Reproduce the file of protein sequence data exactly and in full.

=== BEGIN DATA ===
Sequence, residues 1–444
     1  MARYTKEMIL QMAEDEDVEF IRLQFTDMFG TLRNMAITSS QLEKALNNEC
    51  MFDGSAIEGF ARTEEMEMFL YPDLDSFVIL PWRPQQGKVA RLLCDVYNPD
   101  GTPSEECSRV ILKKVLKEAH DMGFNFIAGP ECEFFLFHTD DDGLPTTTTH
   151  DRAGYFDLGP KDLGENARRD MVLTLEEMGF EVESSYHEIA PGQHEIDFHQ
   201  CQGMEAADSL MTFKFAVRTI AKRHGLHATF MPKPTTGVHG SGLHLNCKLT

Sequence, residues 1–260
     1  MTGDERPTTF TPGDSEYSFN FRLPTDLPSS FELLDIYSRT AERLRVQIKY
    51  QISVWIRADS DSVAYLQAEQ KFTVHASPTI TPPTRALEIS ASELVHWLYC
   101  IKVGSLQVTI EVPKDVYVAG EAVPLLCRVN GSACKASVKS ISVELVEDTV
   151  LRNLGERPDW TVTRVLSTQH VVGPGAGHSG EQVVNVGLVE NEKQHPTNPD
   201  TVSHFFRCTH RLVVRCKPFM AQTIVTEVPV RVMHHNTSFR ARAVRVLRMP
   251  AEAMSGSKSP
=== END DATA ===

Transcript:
Sequence, residues 1–444
     1  MARYTKEMIL QMAEDEDVEF IRLQFTDMFG TLRNMAITSS QLEKALNNEC
    51  MFDGSAIEGF ARTEEMEMFL YPDLDSFVIL PWRPQQGKVA RLLCDVYNPD
   101  GTPSEECSRV ILKKVLKEAH DMGFNFIAGP ECEFFLFHTD DDGLPTTTTH
   151  DRAGYFDLGP KDLGENARRD MVLTLEEMGF EVESSYHEIA PGQHEIDFHQ
   201  CQGMEAADSL MTFKFAVRTI AKRHGLHATF MPKPTTGVHG SGLHLNCKLT

Sequence, residues 1–260
     1  MTGDERPTTF TPGDSEYSFN FRLPTDLPSS FELLDIYSRT AERLRVQIKY
    51  QISVWIRADS DSVAYLQAEQ KFTVHASPTI TPPTRALEIS ASELVHWLYC
   101  IKVGSLQVTI EVPKDVYVAG EAVPLLCRVN GSACKASVKS ISVELVEDTV
   151  LRNLGERPDW TVTRVLSTQH VVGPGAGHSG EQVVNVGLVE NEKQHPTNPD
   201  TVSHFFRCTH RLVVRCKPFM AQTIVTEVPV RVMHHNTSFR ARAVRVLRMP
   251  AEAMSGSKSP